If you've not seen the 13 April 2014 episode of the Game of Thrones, step away from the computer, and all of social media, for you will be spoiled.
The irony is that I just had to delete an entire draft of a post about Game of Thrones I had written last week; I had not gotten an opportunity to edit it. It was a dull affair, which is one reason why I delayed looking at it. But there's no way I could post that generic article on the parts of Game of Thrones I love. Not after watching Episode 2 of Season Four.
He's not merely dead; he's really most sincerely dead.
Yes, Joffrey finally bit the big one last night, poisoned at his own wedding feast. And the internet exploded.
Let's face it. It was bound to happen. And not just because he was the most reviled character in Game of Thrones (if not ever), but because the society in which he lived would not long tolerate this brutal boy's oppression. He was sadistic, cruel, mercurial, and capricious. His mother taught him that he was the center of the universe and that once he was king he could do whatever he liked. How shocked she was when he did just that, exactly what he wanted.
You can find other websites that will list this boy's crimes (and they were many), but any who watched this show recognized that Joffrey was a poison in Westeros, who could only cause harm. How convenient then, that he should be poisoned?
Ironically, however, his kingdom had experienced a brief period of peace following the death of Robb Stark, the erstwhile King of the North. Joffrey's death may throw the kingdom in further chaos, as presumably his younger brother will succeed him. Whether the boy is a minor or not, Tywin Lannister will retain his grip on the throne, but don't forget about Stannis Baratheon, who believes himself the lawful king, given that neither Joffrey nor his surviving siblings were in reality the children of the recently deceased Robert Baratheon.
Stannis will be further emboldened, as this is the second king to die following Melisandre's spell with Gendry's blood-filled leaches. Surely, the God of Lights does want him to be king? Will that make the three souls who were burned at the stake for heresy rest easier?
Joffrey's death has a number of implications for other characters, especially fan favorite, Tyrion.
Yes, Joffrey's last act, literally, was to point to his hated uncle, giving the impression Tyrion poisoned Joffrey. And who would have blamed Tyrion if he had? Joffrey had spent his last five minutes before choking to death tormenting his uncle, pouring wine on him, mocking him with a spectacle of dwarfs playing out Joffrey's victory over the other contenders to the throne, and forcing Tyrion to be his cupbearer, an honor that was not intended to be an honor. Joffrey wouldn't even let Tyrion leave gracefully.
So it was Tyrion who poured out Joffrey's last goblet of wine, getting a serious look from the Queen of Thrones as he did so. Presumably, it was the wine, and not the cake (which the camera did linger on) that poisoned Joffrey, and since Tyrion gave it to him, it must be Tyrion who poisoned the King. Cersei has long hated her brother, and is more than willing to believe that he would do such a vile thing.
I know I love Tyrion, but I don't think I'm biased in asserting that there is no way Tyrion poisoned his nephew. Of all the players in the Game of Thrones, Tyrion is smart enough to know that he would be the first suspect if Joffrey were poisoned. And no matter how humiliated he may have been by Joffrey, Tyrion seemed to buy the family line of supporting the little bastard. Besides, why poison Joffrey when he could have escaped with Shae? It just doesn't make sense.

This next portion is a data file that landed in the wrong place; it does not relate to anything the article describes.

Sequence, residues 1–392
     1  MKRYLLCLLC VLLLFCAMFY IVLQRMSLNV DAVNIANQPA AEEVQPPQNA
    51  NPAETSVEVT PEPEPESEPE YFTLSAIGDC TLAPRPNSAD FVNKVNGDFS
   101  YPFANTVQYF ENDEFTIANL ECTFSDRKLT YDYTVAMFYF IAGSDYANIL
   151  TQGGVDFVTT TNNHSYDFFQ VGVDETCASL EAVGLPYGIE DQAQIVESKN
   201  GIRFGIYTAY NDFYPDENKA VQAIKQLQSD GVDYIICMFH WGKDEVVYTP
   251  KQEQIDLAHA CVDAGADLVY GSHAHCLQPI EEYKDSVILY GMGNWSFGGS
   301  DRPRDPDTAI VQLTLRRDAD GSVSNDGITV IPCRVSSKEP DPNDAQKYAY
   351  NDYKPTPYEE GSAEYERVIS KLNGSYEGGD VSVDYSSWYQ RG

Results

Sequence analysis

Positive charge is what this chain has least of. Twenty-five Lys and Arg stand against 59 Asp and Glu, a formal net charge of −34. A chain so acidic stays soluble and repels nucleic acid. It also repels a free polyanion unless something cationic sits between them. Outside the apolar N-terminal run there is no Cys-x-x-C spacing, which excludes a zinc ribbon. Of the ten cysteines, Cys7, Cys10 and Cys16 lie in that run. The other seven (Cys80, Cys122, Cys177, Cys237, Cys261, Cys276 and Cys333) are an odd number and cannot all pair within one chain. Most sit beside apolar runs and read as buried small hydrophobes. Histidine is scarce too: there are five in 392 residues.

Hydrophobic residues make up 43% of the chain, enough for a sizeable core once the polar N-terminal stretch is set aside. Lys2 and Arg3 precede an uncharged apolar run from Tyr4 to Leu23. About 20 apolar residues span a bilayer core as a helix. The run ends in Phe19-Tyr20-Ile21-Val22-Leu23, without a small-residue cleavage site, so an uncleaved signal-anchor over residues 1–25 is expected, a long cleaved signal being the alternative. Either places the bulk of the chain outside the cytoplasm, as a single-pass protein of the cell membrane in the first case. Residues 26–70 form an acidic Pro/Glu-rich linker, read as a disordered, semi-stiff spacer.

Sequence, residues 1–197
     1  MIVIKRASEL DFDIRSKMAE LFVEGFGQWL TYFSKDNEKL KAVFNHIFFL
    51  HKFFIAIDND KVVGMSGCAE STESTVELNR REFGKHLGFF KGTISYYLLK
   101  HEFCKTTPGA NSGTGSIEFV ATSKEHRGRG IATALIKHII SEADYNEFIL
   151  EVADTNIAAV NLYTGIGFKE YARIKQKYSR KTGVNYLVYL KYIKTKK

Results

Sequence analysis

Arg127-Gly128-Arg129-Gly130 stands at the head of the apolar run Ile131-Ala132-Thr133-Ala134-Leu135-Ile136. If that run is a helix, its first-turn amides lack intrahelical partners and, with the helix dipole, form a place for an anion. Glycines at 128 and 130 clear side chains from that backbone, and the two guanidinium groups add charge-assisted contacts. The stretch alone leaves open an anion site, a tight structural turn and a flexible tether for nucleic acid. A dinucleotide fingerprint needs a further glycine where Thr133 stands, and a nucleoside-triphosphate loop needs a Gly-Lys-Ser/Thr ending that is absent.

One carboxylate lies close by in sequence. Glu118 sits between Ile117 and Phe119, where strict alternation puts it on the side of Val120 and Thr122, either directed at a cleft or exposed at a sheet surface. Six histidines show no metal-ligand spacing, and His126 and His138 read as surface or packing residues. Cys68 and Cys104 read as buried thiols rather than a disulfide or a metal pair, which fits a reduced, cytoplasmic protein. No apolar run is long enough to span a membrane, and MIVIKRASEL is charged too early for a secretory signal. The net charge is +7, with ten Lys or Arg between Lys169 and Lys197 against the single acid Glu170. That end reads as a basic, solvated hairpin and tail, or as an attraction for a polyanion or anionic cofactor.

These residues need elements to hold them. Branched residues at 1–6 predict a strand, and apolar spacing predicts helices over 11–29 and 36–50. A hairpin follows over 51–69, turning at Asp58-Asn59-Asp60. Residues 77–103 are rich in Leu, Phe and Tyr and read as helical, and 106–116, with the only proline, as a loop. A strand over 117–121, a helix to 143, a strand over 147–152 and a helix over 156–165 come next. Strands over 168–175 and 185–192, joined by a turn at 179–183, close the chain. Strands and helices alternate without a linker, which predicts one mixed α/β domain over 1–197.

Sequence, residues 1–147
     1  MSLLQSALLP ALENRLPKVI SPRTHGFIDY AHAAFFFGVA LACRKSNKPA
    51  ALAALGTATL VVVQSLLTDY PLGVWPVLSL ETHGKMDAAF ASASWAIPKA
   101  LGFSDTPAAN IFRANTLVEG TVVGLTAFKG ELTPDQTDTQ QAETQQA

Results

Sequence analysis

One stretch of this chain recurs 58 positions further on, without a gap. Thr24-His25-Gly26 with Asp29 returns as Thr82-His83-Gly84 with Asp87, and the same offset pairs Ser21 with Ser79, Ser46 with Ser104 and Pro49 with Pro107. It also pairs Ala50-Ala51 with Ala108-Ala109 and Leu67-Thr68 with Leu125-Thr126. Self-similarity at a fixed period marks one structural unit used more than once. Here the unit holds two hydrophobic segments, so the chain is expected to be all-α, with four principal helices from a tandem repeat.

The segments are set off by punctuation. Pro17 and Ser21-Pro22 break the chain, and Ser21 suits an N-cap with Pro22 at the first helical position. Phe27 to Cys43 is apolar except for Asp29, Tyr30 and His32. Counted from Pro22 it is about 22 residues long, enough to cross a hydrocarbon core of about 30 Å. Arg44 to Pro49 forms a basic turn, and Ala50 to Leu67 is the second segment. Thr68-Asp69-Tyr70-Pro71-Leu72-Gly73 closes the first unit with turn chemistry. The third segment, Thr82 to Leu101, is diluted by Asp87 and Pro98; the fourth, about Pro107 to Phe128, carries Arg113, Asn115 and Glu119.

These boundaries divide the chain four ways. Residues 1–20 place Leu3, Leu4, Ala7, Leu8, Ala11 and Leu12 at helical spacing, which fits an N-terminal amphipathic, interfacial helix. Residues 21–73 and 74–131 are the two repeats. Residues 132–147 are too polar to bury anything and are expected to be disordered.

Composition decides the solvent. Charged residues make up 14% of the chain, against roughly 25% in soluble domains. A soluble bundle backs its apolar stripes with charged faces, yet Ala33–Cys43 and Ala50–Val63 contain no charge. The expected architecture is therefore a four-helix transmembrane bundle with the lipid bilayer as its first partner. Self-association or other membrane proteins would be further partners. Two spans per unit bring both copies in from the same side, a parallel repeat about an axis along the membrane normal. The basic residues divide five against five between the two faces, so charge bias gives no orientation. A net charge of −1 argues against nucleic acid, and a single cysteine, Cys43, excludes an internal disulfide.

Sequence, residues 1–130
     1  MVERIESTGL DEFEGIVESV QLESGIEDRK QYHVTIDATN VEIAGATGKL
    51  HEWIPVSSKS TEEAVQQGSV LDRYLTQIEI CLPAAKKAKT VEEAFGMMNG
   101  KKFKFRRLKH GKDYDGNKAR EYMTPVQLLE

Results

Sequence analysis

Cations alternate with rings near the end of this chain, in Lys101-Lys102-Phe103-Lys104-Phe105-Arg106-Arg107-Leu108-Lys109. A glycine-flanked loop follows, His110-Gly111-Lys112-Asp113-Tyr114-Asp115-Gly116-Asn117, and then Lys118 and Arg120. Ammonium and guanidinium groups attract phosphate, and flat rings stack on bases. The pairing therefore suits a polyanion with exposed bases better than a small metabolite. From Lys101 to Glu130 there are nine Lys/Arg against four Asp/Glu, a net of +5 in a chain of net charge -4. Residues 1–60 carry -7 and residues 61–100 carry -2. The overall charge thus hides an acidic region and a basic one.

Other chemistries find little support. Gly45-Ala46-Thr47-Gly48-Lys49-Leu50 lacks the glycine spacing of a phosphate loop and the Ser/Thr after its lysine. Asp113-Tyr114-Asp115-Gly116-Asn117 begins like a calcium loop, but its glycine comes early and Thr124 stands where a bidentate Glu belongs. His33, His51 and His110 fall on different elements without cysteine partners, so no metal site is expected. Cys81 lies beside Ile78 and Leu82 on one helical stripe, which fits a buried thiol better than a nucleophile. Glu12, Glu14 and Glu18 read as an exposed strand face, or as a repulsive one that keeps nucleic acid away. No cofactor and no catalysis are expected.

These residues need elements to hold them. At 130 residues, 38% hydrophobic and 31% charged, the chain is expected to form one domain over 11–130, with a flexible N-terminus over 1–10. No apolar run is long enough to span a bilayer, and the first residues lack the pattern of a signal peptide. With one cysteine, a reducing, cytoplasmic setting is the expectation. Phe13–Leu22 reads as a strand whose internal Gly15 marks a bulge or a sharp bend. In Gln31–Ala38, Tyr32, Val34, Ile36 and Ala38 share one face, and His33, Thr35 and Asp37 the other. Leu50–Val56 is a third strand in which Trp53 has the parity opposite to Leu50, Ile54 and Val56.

The other character most affected is the widow, Margaery Tyrell. I'm afraid her dreams of being Queen may be over, now that not one but two of her grooms have died before the marriages could be consummated. It is possible that Tywin will try to arrange for Margaery to marry Joffrey's brother, a marriage I presume she'll agree to.
And let's not forget the bereaved mother. I believe it is possible that Cersei is a more hateful a human being than her son. They are both alike in a lot of ways, and, as much as I don't believe in blaming the mother, she bears much blame her in raising her tyrannical heartless son. Cersei was quite surprised to find that once her son became King he not only no longer relied upon her for advice, but also appeared to despise her. Her precious boy turned into a viper at her breast. But she still dearly loved her son, and her grief will be real and protracted. If she emerges, her memories of Joffrey will be as she wanted him to be, not as he really was. In the meantime, watch out Tyrion. In her mind, you murdered her baby.
So, if I don't think Tyrion killed his nephew, who do I think did so? Well, I've two candidates right now.
Olenna Tyrell, the Queen of Thorns, gave Tyrion what now seems to be a very significant look when he filled Joffrey's last of wine. At first, I thought it was sympathy for the humiliation that Joffrey had heaped on his uncle. But I also remember her giving her condolences to Sansa about Robb, commenting on how awful to be killed at a wedding feast. Could she have done this? And will her having committed this murder affect how I feel about her? Of course not! I adore this character. She is never less than thoroughly entertaining.
My other candidate is Dontos Holland, the one-time knight turned jester. He certainly appeared at Sansa's side awfully quickly. Her certainly has reason to hate Joffrey, as he so helpfully reminded us in the first episode of the season.
I don't know if we'll find out who killed Joffrey, for that matters less than on what people think happened, and on the machinations of the survivors to win at the game of thrones. All I do know is that I'll be watching, eager to see what happens next.